Andy Cooperfauss – ^3- The Case for Aggro

Hello everyone and welcome to ^3. In this article (series?) I will discuss the finer points of building, maintaining, and playing Magic’s most exciting format/rhomboid: the Cube. For those sorrowfully unfamiliar, Cube is a “build-your-own” limited format- a singleton collection of cards selected by the owner from throughout Magic’s history, built with the express purpose of crushing all of your friends in a draft, sealed, or whatever disgusting deviant format you enjoy in the dark corners of your local shop. You’ve probably seen cube owners wandering around before, clutching an 800-count cardboard box to their breast as if it were their first-born, desperately searching for a 6th drafter.

The basics of cube construction and play have been pretty well covered, and I won’t belabor them here. Evan Erwin’s cubedrafting.com and this site’s very own Tristan Shaun Gregson provide excellent resources for getting started on a cube, with lists including many of the most common staples for a standard Cube. Here, on the other hand, I would like to examine the process of actually developing your Cube as a complete limited format. I will assume a familiarity that is, if not as intimate and frowned upon by our oppressive social mores as mine, at least passing on behalf of the reader.

What qualifies me to write on such an important topic? It has nothing to do with my natural abilities as a player, that much is certain. Though, what I lack in quality I make up for in quantity. I am an insatiable Cube addict, and I’ve played with a lot of cubes. I look forward to PTQ’s so I can drop and Cube (since lately my winning one seems about as remote a possibility as my discovering I have super powers). I show up to 5k’s precisely two hours late to find the 0-2-drop bunch and lure them into a rage draft. I’m annoyed when my friends do well at tournaments as they are delaying the inevitable consolation pod. In short: my name is Andy, and I am a Cube-a-holic.

Aggression is the Key

Let me start by saying that the great thing about Cube is that you can make it your own. Pet cards, nostalgia, and general fun-factor are all respectable considerations when making an inclusion. However, when I construct my cube, I seek to create a true limited format. As a result, complexity, power level, and above all competitiveness (and by extension balance) are the primary criteria by which I evaluate any change I make. Thus, I will begin this series by laying out the case for what I believe is the cornerstone of a great Cube: Aggro as a dominant, not merely viable, strategy.

Enjoying Cube is all about casting powerful spells that we don’t get to play with any more. And, truly, there is nothing more satisfying than watching your best friend’s face as you resolve Upheaval, Stroke of Genius, or Recurring Nightmare. Turn two 11/11s, arbitrarily large amounts of mana, and hard locks are the kinds of game states that excite people in cube.

There needs to be a cost to playing these strategies, though. The game should be more than just a slugfest of higher and higher trump cards. With the exception of a quick entomb/reanimate, it makes the early turns of the game a race to the late game, and it means that a card that has as profound an impact on the game as say, Bribery, is always a first pick, and will always nearly auto-win the game. After all, there’s only one in the cube and a good deal of unique effects that only a counterspell can deal with directly (Or, in the case of Decree of Justice or Banefire, not even those do the trick). The answer is creating powerful aggressive strategies that punish decks that simply want to ramp and play powerful spells.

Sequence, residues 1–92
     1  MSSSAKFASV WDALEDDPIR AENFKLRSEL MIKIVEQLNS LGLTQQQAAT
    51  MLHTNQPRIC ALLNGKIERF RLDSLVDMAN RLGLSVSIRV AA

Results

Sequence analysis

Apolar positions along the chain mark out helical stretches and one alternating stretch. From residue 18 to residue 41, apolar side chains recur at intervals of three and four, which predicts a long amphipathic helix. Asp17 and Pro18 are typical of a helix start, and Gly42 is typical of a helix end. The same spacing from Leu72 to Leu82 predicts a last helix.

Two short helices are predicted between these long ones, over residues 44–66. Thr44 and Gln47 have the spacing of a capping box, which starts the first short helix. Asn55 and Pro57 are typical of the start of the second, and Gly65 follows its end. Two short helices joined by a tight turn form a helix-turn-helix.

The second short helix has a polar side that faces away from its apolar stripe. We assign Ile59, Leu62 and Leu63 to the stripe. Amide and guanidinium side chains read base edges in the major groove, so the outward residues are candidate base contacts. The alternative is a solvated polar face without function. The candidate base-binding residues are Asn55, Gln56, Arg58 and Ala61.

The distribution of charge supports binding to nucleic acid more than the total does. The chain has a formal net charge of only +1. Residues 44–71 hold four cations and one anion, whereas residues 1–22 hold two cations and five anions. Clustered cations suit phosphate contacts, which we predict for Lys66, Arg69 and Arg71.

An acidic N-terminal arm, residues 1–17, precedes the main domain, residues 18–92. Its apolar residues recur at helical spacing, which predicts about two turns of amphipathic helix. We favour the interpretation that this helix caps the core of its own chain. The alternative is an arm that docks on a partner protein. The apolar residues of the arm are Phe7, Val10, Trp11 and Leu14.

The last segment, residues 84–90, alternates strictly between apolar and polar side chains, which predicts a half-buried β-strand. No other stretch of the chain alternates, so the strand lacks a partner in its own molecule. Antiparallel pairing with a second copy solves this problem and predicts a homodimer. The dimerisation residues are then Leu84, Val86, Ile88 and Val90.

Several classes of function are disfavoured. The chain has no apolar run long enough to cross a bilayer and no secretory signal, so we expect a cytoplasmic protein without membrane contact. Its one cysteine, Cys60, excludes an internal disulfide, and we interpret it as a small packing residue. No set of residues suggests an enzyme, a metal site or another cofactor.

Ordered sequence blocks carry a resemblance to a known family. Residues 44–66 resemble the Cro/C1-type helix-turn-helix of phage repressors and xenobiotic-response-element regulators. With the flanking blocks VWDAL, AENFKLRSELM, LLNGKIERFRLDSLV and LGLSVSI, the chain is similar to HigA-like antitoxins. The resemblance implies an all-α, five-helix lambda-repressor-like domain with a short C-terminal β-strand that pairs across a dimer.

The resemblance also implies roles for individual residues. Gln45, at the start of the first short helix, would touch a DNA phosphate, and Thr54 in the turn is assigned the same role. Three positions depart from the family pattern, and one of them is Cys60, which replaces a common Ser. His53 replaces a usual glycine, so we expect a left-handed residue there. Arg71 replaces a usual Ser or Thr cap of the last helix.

If you can make aggro a true force to be reckoned with in Cube, you accrue a number of positive results:
• Games shorten, which in turn drastically reduces the power level of cards that take over once the game goes long. Shipping the turn with four mana up and the devious intent to resolve an EOT Fact or Fiction is much less back-breaking when your opponent already has three dudes in play. In fact, they’re down-right happy that you didn’t do something useful like, you know, not dying. Cube shouldn’t be a format that is just about how much card advantage you can generate – this isn’t mental magic. As much fun as durdling is, punishing the durdlers is just as gratifying. More specifically on this point, you lessen the impact of Planeswalkers. Planeswalkers may be at their most annoying in Cube, since in a singleton format, there really is a dearth of cards that answer them, and Wizards doesn’t seem intent on stemming the flow of Cube-worthy ones any time soon. However, the faster you are able to develop board presence, the less effective Planeswalkers become. In essence, the great cards are still great, but forcing your opponent to cast them on the back foot makes them much more fair.

• You enable a much richer drafting experience. Most experienced cube drafters know that when you sit down with a new cube, you start by looking for the blue cards. It’s really hard to go wrong when you end up with 15 blue cards in your stack. The result, without fail, is that multiple drafters will be fighting over blue, and the green, white aggro, and to a lesser extent red players fell into their colors because they were wide open. Once aggro is actually sought after, the process of drafting becomes much more enjoyable as players are willing to pass instrumental control cards, following a specific plan becomes a reality, and everyone’s deck becomes better as a result.

• You create a more skill testing environment – As I mentioned earlier, one of my goals in creating a cube is to create an environment that is skill testing, and having a solid aggro segment to your cube helps to create that by increasing the number of hard picks that you have during a draft. Beside just questions of taking the first pick Counterspell or Keldon Champion, you are also forced to draft a deck that can not only compete with big mana decks, but with decks that have a turn 4 clock. Do you take the signet or the wrath? The Future Sight or the Swords to Plowshares? You are drafting the best deck possible against a wide range of strategies, not just the intrinsically most powerful deck.

• Games become much more interactive. I know I’m not the only one who is a little tired of Wizards constantly pushing “creatures matter”, but you shouldn’t use your cube as a coping method. By far the most powerful cards in Magic have been non-creature spells. But, once again, the only way to combat these are with harder to find enchantment/artifact/permanent destruction, or counterspells. By making aggressive creatures important in your cube, you force players to remain honest. They have to prioritize removal and mana-fixing to avoid stumbling and simply dying to an early dork. Counterspells become less important as more spells sneak under them, and they don’t affect the board. Loading up on late game cards becomes a recipe for disaster.